Free Will versus Fatalism

 

Below is another essay from Atman Nityananda whose earlier essay on sAdhana triggered so much interest. This is preceded by an essay on the same topic from Swami Sivananda.

 

 

Free Will versus Fatalism
by Swami Sivananda

The controversy between free will and fatalism is still going on in the West and no one has come to any definite conclusion. It is a great pity that the doctrine of Karma is mistaken for fatalism. Fatalism is the doctrine that all events are subject to fate and happen by unavoidable necessity.

Fate is otherwise known as luck or fortune. That indefinable mysterious something which brings trials, successes and failures to man, which shapes and moulds him by teaching lessons of various sort, which takes care of him like a mother, which brings various sort of experiences, which brings cloudy days and days of bright sunshine, which raises a beggar to the level of a landlord and hurls down a mighty potentate to the level of a street-beggar, which gives different kinds of fruits and experiences to two people of equal talents and capacities, which made Napoleon at one time a terror in the eyes of the people and at another time a prisoner, and which makes a certain portion of the life of a man quite stormy and another portion quite smooth, is called fate. Fate educates and instructs man. However whimsical the fate may appear to operate, it works in harmony with the law of causation. Continue reading

Q. 375 – Conditions affecting next life

Q: I agree that Reincarnation, the next life, isn’t real. But it’s as real as this life…and, for most of us, this life seems pretty real, even if we know better.

And, as we all know, very, very few people are going to achieve Enlightenment (Liberation, Realization, Moksha) in this lifetime.

For the above 2 reasons, I suggest that Reincarnation is a reasonable thing to be concerned about and to ask a question about. That’s what this question is about. I’ll speak of Reincarnation as if it’s as real as this life seems.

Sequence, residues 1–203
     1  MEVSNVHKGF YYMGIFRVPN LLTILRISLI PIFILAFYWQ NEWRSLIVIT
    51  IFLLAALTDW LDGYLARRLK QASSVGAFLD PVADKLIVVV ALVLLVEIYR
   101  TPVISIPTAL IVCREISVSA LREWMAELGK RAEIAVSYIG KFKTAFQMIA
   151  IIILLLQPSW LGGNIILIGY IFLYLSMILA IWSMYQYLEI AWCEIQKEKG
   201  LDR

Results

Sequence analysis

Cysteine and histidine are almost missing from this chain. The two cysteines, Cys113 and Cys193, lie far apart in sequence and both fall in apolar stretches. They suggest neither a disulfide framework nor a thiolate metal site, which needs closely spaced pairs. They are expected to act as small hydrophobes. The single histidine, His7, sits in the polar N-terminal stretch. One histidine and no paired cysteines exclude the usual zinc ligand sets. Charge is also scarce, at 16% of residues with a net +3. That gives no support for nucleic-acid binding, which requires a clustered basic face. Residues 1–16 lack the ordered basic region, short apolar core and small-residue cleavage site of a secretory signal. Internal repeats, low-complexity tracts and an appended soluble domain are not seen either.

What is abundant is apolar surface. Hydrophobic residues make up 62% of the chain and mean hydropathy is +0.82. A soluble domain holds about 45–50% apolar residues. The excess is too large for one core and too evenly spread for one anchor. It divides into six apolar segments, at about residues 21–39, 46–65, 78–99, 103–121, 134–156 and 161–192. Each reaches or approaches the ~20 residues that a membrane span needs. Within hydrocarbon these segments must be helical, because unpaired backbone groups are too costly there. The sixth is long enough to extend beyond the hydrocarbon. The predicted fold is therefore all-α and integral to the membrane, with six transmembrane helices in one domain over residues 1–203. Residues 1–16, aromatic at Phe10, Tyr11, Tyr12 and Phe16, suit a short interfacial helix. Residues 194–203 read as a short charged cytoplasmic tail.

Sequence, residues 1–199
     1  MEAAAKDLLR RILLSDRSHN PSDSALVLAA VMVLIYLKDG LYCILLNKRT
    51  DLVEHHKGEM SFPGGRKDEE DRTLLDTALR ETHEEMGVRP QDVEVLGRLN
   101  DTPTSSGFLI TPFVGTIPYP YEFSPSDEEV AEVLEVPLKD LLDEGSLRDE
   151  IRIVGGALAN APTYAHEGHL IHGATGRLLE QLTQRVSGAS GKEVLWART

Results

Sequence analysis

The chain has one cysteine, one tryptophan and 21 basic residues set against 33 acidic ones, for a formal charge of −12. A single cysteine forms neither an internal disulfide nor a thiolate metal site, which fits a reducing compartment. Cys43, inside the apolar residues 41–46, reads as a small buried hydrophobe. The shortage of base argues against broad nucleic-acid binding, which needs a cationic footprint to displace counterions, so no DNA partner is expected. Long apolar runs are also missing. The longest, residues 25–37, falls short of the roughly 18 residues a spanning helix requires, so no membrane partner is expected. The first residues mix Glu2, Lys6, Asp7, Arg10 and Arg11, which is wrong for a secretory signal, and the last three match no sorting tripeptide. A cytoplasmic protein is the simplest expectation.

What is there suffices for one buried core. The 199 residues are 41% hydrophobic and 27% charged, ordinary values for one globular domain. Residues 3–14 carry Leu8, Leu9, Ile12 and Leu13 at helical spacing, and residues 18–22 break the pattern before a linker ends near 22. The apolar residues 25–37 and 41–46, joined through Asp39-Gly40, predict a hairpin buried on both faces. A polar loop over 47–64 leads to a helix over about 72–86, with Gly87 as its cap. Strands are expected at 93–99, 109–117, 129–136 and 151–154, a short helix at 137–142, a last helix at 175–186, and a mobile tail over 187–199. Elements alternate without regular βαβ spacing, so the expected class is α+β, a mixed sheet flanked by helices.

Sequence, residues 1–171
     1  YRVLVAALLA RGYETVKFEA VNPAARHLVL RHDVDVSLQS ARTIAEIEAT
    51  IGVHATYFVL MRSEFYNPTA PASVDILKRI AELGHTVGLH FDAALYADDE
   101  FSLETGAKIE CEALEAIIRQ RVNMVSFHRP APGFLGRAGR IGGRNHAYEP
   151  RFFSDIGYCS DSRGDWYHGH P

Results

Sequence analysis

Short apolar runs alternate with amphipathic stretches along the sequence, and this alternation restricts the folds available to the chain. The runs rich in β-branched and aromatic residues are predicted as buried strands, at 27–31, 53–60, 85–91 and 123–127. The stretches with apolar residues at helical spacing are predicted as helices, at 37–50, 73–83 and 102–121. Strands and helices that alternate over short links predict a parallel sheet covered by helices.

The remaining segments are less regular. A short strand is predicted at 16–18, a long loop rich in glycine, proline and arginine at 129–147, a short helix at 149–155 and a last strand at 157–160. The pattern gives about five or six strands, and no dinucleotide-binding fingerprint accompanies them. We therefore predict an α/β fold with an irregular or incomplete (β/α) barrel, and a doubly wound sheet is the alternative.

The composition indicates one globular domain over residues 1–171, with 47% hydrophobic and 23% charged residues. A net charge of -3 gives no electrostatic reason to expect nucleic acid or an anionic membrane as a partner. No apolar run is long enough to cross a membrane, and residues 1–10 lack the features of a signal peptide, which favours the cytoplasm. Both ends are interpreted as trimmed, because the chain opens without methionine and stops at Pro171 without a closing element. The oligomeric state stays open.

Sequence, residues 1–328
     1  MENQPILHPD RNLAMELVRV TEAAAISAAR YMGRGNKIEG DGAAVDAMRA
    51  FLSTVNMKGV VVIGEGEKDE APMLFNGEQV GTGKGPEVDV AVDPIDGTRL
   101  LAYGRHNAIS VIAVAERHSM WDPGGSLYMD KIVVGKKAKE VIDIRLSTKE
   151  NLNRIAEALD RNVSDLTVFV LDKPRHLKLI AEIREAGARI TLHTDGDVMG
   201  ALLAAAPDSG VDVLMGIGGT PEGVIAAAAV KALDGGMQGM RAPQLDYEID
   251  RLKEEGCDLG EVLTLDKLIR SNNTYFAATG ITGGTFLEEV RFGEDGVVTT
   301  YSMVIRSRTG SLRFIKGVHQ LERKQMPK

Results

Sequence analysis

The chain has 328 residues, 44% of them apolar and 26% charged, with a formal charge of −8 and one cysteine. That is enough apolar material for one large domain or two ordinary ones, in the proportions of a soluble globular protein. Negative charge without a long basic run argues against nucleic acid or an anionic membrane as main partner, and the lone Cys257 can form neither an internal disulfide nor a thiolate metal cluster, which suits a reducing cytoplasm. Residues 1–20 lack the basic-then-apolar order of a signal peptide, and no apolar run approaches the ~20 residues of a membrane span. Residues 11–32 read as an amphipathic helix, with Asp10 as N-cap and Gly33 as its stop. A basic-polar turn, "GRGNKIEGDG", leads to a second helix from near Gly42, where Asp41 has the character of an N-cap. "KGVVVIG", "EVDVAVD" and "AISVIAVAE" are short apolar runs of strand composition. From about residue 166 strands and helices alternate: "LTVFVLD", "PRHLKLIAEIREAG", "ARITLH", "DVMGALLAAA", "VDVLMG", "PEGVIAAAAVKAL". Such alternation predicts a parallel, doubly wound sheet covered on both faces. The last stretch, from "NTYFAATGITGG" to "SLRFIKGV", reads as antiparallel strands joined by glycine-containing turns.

It’s been said that one’s next incarnation depends greatly on one’s thoughts and state in their last moments of this life. I hope that isn’t true, because no one can know what condition they’ll be in when they’re dying. I mean, we aren’t always in the best of condition when we die, are we.

 A person, at death, might be delirious, or heavily sedated at a hospital. What then? How does that affect that person’s next life?

 Has there been discussion, from theory, regarding how this life—and, in particular, a person’s condition in the last moments of this life–affect that person’s next life?

Responses from , Sitara, Venkat and Dennis Continue reading

saMskAra-s, svadharma and karma (Q. 320)

Q: I read about the above topics in your book and struggled with them, not only because there are a number of things to remember, but also because how exactly they function is complex.

 I thought about what you said regarding svadharma and how not going with it, with the example of Arjuna in the Bhagavad Gita, would have been bad for ones karma and thought about Hitler.

 You might say that it was Hitler’s svadharma to do as he did and that to go against that, in other words, to be an ordinary politician or something for example, would have given rise to bad karma for him, the same way as going against his duty would have caused Arjuna bad karma, as explained by Krishna: ‘slay thy foes’. But then that seems unfair to him (Hitler), since surely his ‘bad actions’ (genocide, etc.) that his svadharma would have had him following would have brought him bad karma any way, so either way, things, from that perspective, looked pretty bleak for him? Then one might say that what Hitler did was not really his svadharma, but this I personally would agree with, as a ‘person’ cannot act outside of Brahman, that is, everything we do, feel, think is Brahman, so even Hitler’s ‘evils’ were also Brahman? Continue reading